“What really helped me to persevere and adapt to change and be of value to other employers was the ability to communicate, first, to be a good analyst and figure out what the situation was to react to, then to be able to write and speak and communicate with employers and build relationships,” says Roche. “The Honor Code is the other thing that’s more important than ever in these times of close scrutiny by so many parties. Integrity is a big issue and ethics are a big issue.”
The Edge: Internships
Anecdotes from the wide world of work ring out on campus as prominently as the peal of the Chambers bell, or the click of a smartphone browser navigating to davidson.edu/careers.
Davidson boasts top national figures—“metrics,” in current parlance—in terms of graduation rate (consistently over 90 percent for the last five entering class years); career-related employment (68.64 percent at six months out for the Class of 2012); graduate school enrollment rate (25.5 percent); and that gold-standard marker of long-term alumni satisfaction, the annual giving participation rate (a top-ranked 60-plus percent for a decade and counting).
This year, the newly renamed Center for Career Development continues a robust, multi-year expansion in resources, staffing, programming and facilities, moving to the high-profile Brown Atrium level of the Alvarez College Union.
Opportunities for students to gain real-world experience are increasing, as a result of a concerted effort by Davidson and in reflection of the work world itself—supply and demand.
“Most of our success and most of our connections are through our alumni and our parents,” Nathan Elton, director of the career development center, says.
For example, a drive to create new internships that adhere to strong guidelines up to Davidson snuff received nationwide acclaim. Ashley Neff, assistant director of the Center for Career Development, managed the “100 Internship Challenge” in academic year 2011-12, and the initiative won the “Members’ Choice Award” at that year’s annual conference of the National Association of Colleges and Employers (NACE).
Vincent Benjamin ’04, a member of the Davidson Alumni Board, suggested about two years ago that Davidson’s Center for Career Development should follow the lead of the college’s successful Fund for Davidson (formerly the Annual Fund) by challenging alumni, parents and friends to “raise” internships for Davidson students. Benjamin branded the initiative the “100 Internship Challenge” to set a numerical goal, and worked with the center’s staff to develop effective outreach strategies.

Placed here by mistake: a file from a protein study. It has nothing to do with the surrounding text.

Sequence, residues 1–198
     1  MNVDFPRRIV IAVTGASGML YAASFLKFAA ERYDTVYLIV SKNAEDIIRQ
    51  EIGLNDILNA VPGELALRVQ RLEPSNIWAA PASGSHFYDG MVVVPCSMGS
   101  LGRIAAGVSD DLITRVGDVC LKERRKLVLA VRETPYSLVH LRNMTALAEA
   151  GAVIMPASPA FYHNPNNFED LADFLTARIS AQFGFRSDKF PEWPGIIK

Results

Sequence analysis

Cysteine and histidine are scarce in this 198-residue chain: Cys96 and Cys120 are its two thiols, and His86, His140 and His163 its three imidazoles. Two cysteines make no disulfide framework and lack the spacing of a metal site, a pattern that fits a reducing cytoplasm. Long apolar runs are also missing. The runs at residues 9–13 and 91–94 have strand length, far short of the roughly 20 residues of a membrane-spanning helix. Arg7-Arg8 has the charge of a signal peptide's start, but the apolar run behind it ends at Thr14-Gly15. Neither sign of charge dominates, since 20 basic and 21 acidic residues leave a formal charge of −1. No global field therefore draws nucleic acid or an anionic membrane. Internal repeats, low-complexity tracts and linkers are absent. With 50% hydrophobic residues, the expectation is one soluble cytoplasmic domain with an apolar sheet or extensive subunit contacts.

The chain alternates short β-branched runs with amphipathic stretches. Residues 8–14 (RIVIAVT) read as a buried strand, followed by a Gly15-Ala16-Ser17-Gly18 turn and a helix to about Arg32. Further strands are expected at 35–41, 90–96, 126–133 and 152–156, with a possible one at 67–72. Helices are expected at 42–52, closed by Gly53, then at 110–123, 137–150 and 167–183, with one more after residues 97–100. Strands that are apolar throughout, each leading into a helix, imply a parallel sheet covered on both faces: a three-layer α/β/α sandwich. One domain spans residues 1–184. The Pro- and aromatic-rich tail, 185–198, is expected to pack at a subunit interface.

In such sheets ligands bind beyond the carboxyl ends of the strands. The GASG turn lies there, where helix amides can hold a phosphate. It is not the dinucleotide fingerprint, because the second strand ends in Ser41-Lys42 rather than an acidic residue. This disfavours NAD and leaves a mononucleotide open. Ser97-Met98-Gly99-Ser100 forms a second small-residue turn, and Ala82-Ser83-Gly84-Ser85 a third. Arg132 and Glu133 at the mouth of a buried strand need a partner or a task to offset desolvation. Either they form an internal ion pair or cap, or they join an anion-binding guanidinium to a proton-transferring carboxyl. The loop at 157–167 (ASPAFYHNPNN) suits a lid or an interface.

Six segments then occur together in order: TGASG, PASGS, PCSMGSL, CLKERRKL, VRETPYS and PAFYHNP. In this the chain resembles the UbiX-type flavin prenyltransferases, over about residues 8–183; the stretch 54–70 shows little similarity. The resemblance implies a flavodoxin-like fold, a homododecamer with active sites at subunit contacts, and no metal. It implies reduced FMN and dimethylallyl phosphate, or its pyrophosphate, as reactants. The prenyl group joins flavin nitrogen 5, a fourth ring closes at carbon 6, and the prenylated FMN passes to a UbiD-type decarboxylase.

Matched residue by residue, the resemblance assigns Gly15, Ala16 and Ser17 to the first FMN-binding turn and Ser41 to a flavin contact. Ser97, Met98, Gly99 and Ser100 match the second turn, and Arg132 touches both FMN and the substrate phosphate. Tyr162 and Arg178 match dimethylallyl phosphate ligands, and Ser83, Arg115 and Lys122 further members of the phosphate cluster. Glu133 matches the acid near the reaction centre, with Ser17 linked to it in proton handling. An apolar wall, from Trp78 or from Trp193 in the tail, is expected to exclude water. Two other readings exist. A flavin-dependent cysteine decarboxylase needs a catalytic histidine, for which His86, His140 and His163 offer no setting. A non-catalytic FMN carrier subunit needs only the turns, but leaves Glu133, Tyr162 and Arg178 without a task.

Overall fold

Hired to the staff in March 2011, Neff took on management of the initiative. It ended up topping its goal that first year because, Neff says, “The Davidson community really wanted to help.”
She continues, “There are a lot of alumni and families out there who wanted to support students’ career development, but didn’t know how. We just gave them a specific opportunity, and they responded enthusiastically.”
The first year’s recruitment drive netted 120 volunteers posting internships, and—renamed as the “Davidson Internship Challenge” in its second year—the program grew in 2012-13 to 141 internships. More than 60 percent of the internships posted resulted in actual internships for Davidson students.
Neff acknowledges that it’s not unusual for collegiate career offices to ask alumni to help students obtain internships. Davidson stood out, she believes, by couching the effort in a challenge to alumni, parents and friends. In addition, Davidson made it possible for alumni of all ages and at all stages of their careers to join the challenge by specifically suggesting three ways they can help. “You don’t have to be a CEO with hiring power to participate,” Neff explains.
Alumni can join the challenge by serving as a resource for students applying for the internship program at their organization through actions such as answering questions about their experience, reviewing a resume and helping students prepare for an interview; taking an active role in facilitating Davidson student applications through the internship host’s selection process by answering questions about the strength of a Davidson education, or encouraging the corporate human resources department to interview at Davidson; or creating or helping to arrange an internship specifically for a Davidson student.